As interest in production of second-generation biofuels increases, dedicated biomass crops are likely to be called upon to help meet feedstock demands. Switchgrass (Panicum virgatum L.) is a North American native perennial grass that as a candidate biomass crop, combines high biomass yields with other desirable ecosystem services. At present, switchgrass is produced on limited acres in the United States and experiences relatively minor insect pest problems. However, as switchgrass undergoes breeding to increase biomass yield and quality, and is grown on more acres, insect pest pressure will probably increase.To investigate how currently available switchgrass ecotypes and cultivars may influence herbivory by generalist insect herbivores, we performed feeding trials using neonate and late-instar fall armyworm [Spodoptera frugiperda JE Smith (Lepidoptera: Noctuidae)]. No-choice feeding experiments were used to explore how switchgrass varieties influence larval establishment, consumption levels, and life-history traits in contrast to a preferred host, corn (Zea mays L.). Neonate S. frugiperda consumed greater amounts of corn than switchgrass and increased amounts of upland versus lowland ecotypes. Late-instar larvae, which do the majority of the larval feeding, exhibited lower consumption of lowland ecotypes, which led to increased development time and reduced pupal weights. The exception to these trends was the upland cultivar ‘Trailblazer’, which unexpectedly performed similarly to lowland cultivars. These results suggest that both switchgrass ecotype and cultivar can influence feeding damage by a common generalist herbivore. These findings can be used to help inform current switchgrass planting decisions as well as future breeding efforts.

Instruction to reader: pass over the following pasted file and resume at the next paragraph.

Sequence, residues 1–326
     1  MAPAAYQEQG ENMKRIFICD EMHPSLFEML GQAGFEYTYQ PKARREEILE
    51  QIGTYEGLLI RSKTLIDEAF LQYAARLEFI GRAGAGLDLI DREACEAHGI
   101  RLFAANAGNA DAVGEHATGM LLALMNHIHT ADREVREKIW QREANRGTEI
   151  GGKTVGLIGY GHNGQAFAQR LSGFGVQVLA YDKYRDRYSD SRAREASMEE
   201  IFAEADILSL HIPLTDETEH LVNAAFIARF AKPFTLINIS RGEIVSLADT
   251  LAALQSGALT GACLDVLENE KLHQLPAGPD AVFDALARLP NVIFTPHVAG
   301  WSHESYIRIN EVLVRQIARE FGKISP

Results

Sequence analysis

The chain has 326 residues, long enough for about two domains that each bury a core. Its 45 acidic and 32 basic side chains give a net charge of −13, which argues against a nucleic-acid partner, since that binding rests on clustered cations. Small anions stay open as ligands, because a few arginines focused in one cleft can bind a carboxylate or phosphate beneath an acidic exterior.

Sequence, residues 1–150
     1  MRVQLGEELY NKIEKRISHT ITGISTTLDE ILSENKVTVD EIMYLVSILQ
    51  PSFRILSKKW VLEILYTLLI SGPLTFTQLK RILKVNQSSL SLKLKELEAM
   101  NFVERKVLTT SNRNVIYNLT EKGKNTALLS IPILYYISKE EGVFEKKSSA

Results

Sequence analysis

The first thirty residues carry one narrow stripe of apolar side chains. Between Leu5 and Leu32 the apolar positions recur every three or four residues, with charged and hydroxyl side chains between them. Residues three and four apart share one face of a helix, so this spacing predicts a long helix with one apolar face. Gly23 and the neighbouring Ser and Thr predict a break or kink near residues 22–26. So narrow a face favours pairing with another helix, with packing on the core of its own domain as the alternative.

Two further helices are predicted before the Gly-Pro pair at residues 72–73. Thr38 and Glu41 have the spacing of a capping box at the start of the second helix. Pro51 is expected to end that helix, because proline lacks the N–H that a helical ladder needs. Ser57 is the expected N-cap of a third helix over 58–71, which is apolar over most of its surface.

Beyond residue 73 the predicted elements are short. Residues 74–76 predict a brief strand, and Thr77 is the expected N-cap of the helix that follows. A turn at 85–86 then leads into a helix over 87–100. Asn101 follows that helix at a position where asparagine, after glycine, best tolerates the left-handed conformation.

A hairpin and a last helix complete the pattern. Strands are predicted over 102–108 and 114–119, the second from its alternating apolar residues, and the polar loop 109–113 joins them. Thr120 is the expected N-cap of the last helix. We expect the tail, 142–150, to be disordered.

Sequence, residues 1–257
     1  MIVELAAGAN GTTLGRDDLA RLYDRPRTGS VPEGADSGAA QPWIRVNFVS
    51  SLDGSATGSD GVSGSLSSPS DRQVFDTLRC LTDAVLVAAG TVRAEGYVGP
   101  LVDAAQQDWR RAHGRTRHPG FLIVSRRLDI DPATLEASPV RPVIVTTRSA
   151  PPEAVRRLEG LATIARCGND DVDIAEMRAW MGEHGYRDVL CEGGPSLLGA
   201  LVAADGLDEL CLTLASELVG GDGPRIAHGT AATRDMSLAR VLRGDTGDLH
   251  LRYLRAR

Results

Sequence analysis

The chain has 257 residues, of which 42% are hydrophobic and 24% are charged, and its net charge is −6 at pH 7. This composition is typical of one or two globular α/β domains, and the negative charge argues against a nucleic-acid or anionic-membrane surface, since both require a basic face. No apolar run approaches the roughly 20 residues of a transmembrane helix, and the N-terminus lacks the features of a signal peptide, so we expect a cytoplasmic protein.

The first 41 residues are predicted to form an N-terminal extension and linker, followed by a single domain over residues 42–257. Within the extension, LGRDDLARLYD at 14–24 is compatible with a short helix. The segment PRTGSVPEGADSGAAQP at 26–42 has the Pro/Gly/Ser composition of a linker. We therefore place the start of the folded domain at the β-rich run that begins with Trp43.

bioenergy cropping systems